Chief constable to retire as force merger talks continue
Dorset Police has appointed a temporary chief constable while it considers merging with its neighbour after the incumbent announced her retirement.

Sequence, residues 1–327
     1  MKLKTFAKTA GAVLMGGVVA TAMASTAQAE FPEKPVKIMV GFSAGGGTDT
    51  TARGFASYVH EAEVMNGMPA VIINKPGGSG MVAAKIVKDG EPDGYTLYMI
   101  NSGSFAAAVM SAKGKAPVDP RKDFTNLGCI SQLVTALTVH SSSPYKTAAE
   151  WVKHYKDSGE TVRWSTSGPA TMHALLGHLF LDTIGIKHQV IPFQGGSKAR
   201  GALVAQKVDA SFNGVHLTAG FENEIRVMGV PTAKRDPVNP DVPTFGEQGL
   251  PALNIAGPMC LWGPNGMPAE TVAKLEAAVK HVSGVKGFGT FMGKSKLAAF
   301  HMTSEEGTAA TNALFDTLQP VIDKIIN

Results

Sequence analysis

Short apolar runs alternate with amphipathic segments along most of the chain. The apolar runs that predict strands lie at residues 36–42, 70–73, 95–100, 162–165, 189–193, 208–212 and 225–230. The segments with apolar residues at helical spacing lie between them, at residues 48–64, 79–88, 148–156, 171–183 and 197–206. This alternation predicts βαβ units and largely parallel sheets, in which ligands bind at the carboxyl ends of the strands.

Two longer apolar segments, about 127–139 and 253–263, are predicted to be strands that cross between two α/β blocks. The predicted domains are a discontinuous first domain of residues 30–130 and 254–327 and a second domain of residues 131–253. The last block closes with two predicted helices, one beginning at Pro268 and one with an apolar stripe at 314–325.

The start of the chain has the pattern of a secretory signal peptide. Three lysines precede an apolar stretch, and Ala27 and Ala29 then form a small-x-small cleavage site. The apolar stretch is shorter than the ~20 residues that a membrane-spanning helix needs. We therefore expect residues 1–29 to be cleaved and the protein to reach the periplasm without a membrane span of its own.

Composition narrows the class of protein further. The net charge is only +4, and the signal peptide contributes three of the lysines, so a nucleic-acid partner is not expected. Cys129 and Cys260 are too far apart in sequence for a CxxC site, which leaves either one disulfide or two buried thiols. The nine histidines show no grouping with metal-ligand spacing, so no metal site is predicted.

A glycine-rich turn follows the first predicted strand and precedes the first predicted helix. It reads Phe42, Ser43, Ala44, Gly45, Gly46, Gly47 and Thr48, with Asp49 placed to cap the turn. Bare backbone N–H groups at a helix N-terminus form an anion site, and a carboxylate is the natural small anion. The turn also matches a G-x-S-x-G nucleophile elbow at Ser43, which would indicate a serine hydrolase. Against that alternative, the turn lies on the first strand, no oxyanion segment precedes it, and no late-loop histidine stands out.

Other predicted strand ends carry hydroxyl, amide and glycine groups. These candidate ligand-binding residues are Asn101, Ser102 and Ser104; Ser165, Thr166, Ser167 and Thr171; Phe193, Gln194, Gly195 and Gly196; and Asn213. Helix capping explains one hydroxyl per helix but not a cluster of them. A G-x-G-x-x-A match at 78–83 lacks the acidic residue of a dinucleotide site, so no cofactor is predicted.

Dorset Police has appointed a temporary chief constable while it considers merging with its neighbour after the incumbent announced her retirement. Chief Constable Debbie Simpson revealed her plans to step down on Friday (January 12) after almost 35 years in policing. Ms Simpson, who took up her current position five years ago, has led Dorset Police through the introduction of its strategic alliance with Devon and Cornwall Police and the beginning of a potential merger. Her retirement during this process means Deputy Chief Constable James Vaughan has been put forward as a temporary replacement. Ms Simpson said: After almost 35 years in policing, I have decided it is the right time for me to retire from my role as chief constable. I did not make the decision lightly and have considered the timing to minimise the impact on the important work we are doing. For example, we are strengthening our alliance with Devon and Cornwall Police and continuing to explore a potential merger of the two forces. I am proud of what we have already achieved by working more closely together. I will be working hard up until my retirement in April; as there remains a lot of work to be done locally, regionally, and in my national portfolios around forensics and senior leadership development. Ms Simpson joined Bedfordshire Police in 1984, rising through the ranks to become a public order gold commander. In 2008, she transferred to Devon and Cornwall Police as assistant chief constable, where she held the crime, operations and criminal justice portfolio. She was promoted to deputy chief constable in 2011 and became acting chief constable of Dorset Police a year later. In 2013, Ms Simpson was formally appointed chief constable. Her final day with the force will be April 6. Last September, Ms Simpson, Chief Constable Shaun Sawyer, her counterpart in Devon and Cornwall, and their police and crime commissioners announced they are considering merging their forces to allow them to preserve neighbourhood policing. Mr Vaughan has worked across both regions as chief operating officer for the last year. His appointment as temporary chief constable will be subject to a confirmation hearing by the Dorset Police and Crime Panel. He said: I have had the pleasure of working for five years alongside Chief Constable Debbie Simpson as her deputy. She has been an inspirational leader and leaves a legacy of good work in Dorset and further afield. It has also been an honour and privilege to work with the committed men and women of Dorset Police, during particularly challenging times for policing and the wider public sector. As we continue to navigate through a complex and changing policing landscape, I will relish the opportunity to lead them and work hard to ensure we can deliver the best possible policing for the people of Dorset. This will include continuing to strengthen our alliance with Devon & Cornwall Police and exploring a potential merger of the two forces.